Simple Guide to Making Sprockets




Introduction: Simple Guide to Making Sprockets

Sprockets are one of the most important parts of many mechanical devices such as automotive and automation technologies. They aren’t expensive to buy from; in fact, Mcmaster-Carr sells them at a reasonable price. But for those of you who love building things from scratch, or who need a specific sprocket that you can’t find in stores (or that’s too expensive for you), this guide will show you how to make them! This method for manufacturing them is focused on those who have simple diy cnc machinery that can’t perform the more complex tasks of current commercial cnc machines. This process is also handy for those who are inexperienced at working with cnc machinery.

Most home-built cnc machines use a driver program such as Mach3, which is what I will be using in this guide. I’m also going to be using CAM software called MASTERCAM, which has a post-processor in it for generating G-code compatible with Mach3. For those of you that have Mastercam but don’t know where to find a compatible g-code post-processor for Mach3, I found mine here (this is the link for downloading the file):

For the sake of keeping things simple, This guide will show you how to make a #25 1”, 11 tooth sprocket. If you want to make a different sized sprocket, you can use this guide as a basis on how to construct your sprocket.

This guide will only show you how to make the sprockets with a cnc mill/router that uses Mach3 driver software. The process is pretty straightforward, though, so using this guide with other cnc mills/routers should simply require small adjustments to the process to work properly.

This guide will not show you how to create the 3d part on solidworks. If you want to know how to do that, here’s a great link that helped me:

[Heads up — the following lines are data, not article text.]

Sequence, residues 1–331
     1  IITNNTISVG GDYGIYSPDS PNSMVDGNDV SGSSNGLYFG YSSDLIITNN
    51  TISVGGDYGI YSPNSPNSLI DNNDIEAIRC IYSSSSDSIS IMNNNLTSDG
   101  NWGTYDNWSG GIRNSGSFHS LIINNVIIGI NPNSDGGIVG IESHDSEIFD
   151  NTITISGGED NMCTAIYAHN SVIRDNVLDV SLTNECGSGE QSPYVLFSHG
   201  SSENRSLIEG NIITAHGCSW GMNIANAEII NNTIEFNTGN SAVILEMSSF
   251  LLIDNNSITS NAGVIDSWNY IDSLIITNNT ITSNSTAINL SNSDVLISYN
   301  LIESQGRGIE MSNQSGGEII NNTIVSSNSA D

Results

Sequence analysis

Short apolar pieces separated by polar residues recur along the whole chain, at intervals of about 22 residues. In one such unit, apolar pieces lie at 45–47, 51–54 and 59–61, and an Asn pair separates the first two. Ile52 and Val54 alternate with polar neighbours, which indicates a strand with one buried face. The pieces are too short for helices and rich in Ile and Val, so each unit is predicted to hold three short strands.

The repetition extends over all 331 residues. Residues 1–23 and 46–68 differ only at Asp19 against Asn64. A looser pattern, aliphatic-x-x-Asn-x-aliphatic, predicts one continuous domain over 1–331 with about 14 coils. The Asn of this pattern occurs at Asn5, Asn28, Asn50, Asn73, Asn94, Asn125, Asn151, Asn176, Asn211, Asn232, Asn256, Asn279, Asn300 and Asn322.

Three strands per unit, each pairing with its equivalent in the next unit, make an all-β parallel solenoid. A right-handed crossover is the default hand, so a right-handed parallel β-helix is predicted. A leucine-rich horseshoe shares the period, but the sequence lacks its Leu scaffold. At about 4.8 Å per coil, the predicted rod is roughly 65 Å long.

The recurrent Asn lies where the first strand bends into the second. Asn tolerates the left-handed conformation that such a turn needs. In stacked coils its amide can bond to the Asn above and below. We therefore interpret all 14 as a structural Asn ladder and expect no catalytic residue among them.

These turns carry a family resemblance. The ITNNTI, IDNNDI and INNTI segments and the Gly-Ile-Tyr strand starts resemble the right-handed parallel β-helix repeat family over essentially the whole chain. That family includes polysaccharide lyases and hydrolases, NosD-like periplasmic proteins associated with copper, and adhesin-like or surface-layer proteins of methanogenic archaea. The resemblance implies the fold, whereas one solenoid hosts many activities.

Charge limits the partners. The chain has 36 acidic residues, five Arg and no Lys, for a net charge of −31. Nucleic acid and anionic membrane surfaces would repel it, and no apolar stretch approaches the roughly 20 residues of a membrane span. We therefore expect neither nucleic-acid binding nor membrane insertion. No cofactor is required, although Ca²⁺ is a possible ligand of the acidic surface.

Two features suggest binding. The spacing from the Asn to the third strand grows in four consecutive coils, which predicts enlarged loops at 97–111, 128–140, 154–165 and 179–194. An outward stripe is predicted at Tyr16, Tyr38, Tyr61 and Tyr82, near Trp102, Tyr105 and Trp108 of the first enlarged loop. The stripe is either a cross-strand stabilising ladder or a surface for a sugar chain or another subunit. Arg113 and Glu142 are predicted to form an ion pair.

Note: you must at least have a cnc mill/router AND a metalworking lathe (preferably a cnc type). You could try using a woodworking lathe, but I advise you only do that if you plan to make wooden sprockets with far less precision.


Step 1: Tools/Materials Needed

Here are the Materials you’ll need:

-A CNC mill/router that uses Mach3, and has a vise for holding the stock.
-A 1/8” cutting diameter end mill and a ¼” cutting diameter end mill
-A CNC lathe with manual control OR a metalworking lathe
-A Drill press
-A ½” diameter drill bit with a tapered end. For extra precision, use a counter-boring/step drill bit with a small diameter of ¼” and large diameter of 1/2”.  You can also use a ½” drill bit countersink that attaches to a ¼” drill bit. Using these REALLY HELPS and makes a huge difference in the quality of your sprocket.
-A hand saw AND a hacksaw (or a jigsaw with both wood and metal cutting blades)
-A 1/8” drill bit (Size can vary as it is simply for predrilling the holes for the screws)

-One 1-1/4” diameter aluminum rod (length must be at least ¾”)
-One 2”x3”x0.75” block of wood (Block 1)
-one 1”x3”x0.75” block of wood (block 2) (size can vary as long as it is 0.75” thick and at least 2-1/2” long)
-Two 1-1/2” screws (size can vary as long as they are ½” longer than the width of the 2nd block of wood on the list.)

-Mach3 licensed version
-Mastercam with a Mach3 post-processor (optional)
-A 3D CAD program such as Solidworks (optional)

Step 2: Part 1: Creating the G-code Files for the Sprocket

If you plan on making the same exact sprocket as the one in this guide, download the posted G-code file and load it into mach3.

If you plan on making your own custom sprocket, then make sure you tell the CAM software to ONLY cut the outside teeth of the sprocket. It should look something like the toolpath in the picture.

Step 3: Part 2: Making the Sprocket Blank

For this you will need your cnc/metalworking lathe

1) Cut a ¾” long segment out of your 1-1/4” aluminum rod and place it in the lathe chuck and tighten it.
2) Flatten the end of the piece first, then take it out of the chuck and reinsert it with the flat end facing the chuck. Now flatten the other side of the piece.
3) Gently cut down the outside of the rod blank until it is ½” diameter and 0.37” long. This will be the arbor.
4) Flip the piece around so the arbor is facing the chuck and gently gut down the outside of the blank until it is 1” in diameter. Then machine the end so the 1” diameter end is 0.16” in length.
5) Bore a ¼” hole into the center of the blank. You could use a drill press for this part, but I highly recommend you do it on the lathe, as this significantly increases the precision of the hole.

You should now have a sprocket blank that looks like the one in the picture.